What Does Eel Sauce Taste Like?

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Quick Answer: What Does Eel Sauce Taste Like?  

Eel sauce has a primary sweet taste with additional salty, smoky, and a distinct umami flavor. This savory combination of flavors makes it perfect as a barbeque sauce and can be used on a vast range of platters. 

This vivid taste guide describes to you exactly what to expect when tasting Eel Sauce. 

Let’s savor the umami on our palettes! 

What Is Eel Sauce?

Eel Sauce, also known as Unagi, is a native Japanese sauce used in a majority of Japanese and East Asian cuisines.

This dark brown sauce is usually served on grilled eel, on a bed of rice in dishes such as unadon and kabayaki. 

The sauce is prepared with soy sauce, mirin, sugar, and sake.

The traditional Japanese Eel Sauce makers add eel broth to it, but it is not added to most store-bought packs.

What Does Eel Sauce Taste Like?

Eel sauce has a predominately sweet taste with savory and umami flavors infused with this sweetness. It is also salty and slightly smoky. It is seen mostly in Japanese cuisines with grilled eel fish and marinated rice. 

The ingredients mirin, sake, and sugar make it a very candied and thick sauce.

The soy sauce balances the sugary taste with salty and rich umami flavors. Eel sauce is a great addition to barbeque and any platter with eel fish in it.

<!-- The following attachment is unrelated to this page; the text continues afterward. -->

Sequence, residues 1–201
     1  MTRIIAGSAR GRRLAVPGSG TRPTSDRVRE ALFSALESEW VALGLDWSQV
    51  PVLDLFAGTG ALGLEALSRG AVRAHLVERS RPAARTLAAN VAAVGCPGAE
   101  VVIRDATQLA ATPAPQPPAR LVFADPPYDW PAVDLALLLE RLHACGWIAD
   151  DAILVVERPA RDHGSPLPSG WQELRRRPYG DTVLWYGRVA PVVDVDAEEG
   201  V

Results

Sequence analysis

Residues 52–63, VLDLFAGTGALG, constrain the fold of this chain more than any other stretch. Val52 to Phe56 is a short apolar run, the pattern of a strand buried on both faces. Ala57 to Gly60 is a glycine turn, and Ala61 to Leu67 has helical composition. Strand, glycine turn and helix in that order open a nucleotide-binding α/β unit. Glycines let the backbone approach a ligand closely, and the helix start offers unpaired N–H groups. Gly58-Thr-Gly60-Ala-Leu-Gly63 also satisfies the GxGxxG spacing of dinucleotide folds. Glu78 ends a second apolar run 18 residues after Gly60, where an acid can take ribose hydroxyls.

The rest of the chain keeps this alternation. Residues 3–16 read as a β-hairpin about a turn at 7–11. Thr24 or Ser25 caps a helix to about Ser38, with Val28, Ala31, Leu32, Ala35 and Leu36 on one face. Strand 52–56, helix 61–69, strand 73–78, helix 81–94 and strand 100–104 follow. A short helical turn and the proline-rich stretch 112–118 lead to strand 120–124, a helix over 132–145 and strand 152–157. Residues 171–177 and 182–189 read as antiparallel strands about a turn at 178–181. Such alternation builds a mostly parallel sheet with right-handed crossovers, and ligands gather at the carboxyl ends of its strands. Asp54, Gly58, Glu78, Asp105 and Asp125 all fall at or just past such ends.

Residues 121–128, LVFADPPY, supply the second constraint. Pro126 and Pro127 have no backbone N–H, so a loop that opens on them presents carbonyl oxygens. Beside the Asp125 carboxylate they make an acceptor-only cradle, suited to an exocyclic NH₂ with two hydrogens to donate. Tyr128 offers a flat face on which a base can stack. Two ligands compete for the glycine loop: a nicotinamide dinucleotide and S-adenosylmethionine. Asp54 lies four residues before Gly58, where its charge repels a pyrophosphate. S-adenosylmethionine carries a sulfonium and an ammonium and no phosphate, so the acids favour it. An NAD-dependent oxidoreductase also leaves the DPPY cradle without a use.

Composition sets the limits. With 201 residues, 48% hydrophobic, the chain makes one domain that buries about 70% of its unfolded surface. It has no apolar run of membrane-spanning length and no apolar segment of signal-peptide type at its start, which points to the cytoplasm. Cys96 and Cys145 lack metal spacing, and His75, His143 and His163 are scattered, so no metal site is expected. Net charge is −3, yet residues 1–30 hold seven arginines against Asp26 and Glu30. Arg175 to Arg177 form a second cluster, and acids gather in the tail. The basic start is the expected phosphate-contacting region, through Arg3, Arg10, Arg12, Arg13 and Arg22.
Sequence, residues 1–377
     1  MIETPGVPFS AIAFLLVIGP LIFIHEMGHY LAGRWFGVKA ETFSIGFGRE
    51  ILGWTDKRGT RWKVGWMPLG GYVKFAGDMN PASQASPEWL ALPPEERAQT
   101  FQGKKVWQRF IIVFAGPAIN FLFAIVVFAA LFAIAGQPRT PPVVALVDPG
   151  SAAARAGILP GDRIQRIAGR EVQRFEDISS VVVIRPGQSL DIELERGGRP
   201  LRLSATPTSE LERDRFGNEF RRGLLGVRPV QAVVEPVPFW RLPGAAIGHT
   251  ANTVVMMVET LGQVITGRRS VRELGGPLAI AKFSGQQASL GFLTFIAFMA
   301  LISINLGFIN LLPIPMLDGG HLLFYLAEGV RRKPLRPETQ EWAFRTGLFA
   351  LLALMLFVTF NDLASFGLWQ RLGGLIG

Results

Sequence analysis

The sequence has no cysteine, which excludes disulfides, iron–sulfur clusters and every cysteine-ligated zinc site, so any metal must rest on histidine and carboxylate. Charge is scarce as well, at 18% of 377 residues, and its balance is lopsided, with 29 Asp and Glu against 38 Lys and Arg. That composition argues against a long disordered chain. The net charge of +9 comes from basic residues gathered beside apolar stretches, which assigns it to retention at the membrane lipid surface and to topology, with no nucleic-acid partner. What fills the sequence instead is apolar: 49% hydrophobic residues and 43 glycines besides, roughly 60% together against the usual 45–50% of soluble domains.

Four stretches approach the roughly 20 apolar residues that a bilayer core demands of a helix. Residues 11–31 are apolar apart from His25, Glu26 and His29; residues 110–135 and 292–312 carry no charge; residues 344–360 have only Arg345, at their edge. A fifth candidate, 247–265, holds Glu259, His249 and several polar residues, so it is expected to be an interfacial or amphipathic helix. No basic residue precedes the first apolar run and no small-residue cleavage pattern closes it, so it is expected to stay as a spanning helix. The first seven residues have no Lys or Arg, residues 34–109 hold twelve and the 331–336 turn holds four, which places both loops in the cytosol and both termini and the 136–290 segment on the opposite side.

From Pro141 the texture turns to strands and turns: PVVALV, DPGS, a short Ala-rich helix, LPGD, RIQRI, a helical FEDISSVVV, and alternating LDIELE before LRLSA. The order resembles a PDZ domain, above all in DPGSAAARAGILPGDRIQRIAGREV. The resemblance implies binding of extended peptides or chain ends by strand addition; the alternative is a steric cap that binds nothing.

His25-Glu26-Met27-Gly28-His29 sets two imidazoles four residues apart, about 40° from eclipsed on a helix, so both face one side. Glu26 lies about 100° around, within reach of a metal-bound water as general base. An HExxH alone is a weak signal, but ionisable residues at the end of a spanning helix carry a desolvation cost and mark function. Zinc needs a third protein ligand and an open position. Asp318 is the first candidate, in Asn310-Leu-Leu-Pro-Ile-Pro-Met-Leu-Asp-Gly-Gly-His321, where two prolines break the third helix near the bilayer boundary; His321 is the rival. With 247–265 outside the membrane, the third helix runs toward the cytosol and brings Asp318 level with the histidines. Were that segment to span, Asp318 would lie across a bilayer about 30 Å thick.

In traditional Japanese cuisines, experts use eel stock or store-bought fish stalk to obtain its characteristic rich flavor with sake and mirin.

Sake is authentic Japanese rice wine.

Mirin is another alcoholic component but sweeter than sake and has lesser alcohol content compared to mirin.

Here’s an easy recipe to make Eel sauce at home.

What Is The Texture Of Eel Sauce Like?

Eel Sauce or Unagi has a sweet and sticky texture characteristic of any sugary sauce. When enjoying the sauce with any food, it has a smooth and soft texture, similar to honey. The consistency of store-bought eel sauce might differ from the consistency of homemade eel sauce.

When prepared Eel Sauce is heated, it is important to not over-heat it as the sauce may burn and get charred resulting in a butter sauce. The excessive sugar in the sauce may cause it to burn.

Is Eel Sauce Made From Eels?

The Eel Sauce that most of us have tasted does not contain any eel fish or eel broth in it. Therefore it is not made from eels. The traditional recipe has had some changes and does not contain any fish broth in it.

The bottled Eel sauce that we know of was inspired by the authentic Japanese Sauce Nitsume which contains eel broth in it. But the Americanized sauce does not contain fish remnants.

Is Eel Sauce Spicy?

Eel sauce is not meant to be spicy as it does not incorporate any spicy ingredients. The soy sauce used in making eel sauce has a salty and umami flavor which is balanced out by the sweet mirin, sake, and white sugar. 

Eel sauce has a honeyed sweet taste that has no reason to be spicy.

The overall taste of the dish may be spicy depending on what the sauce is served with.

Does Eel Sauce Taste Fishy?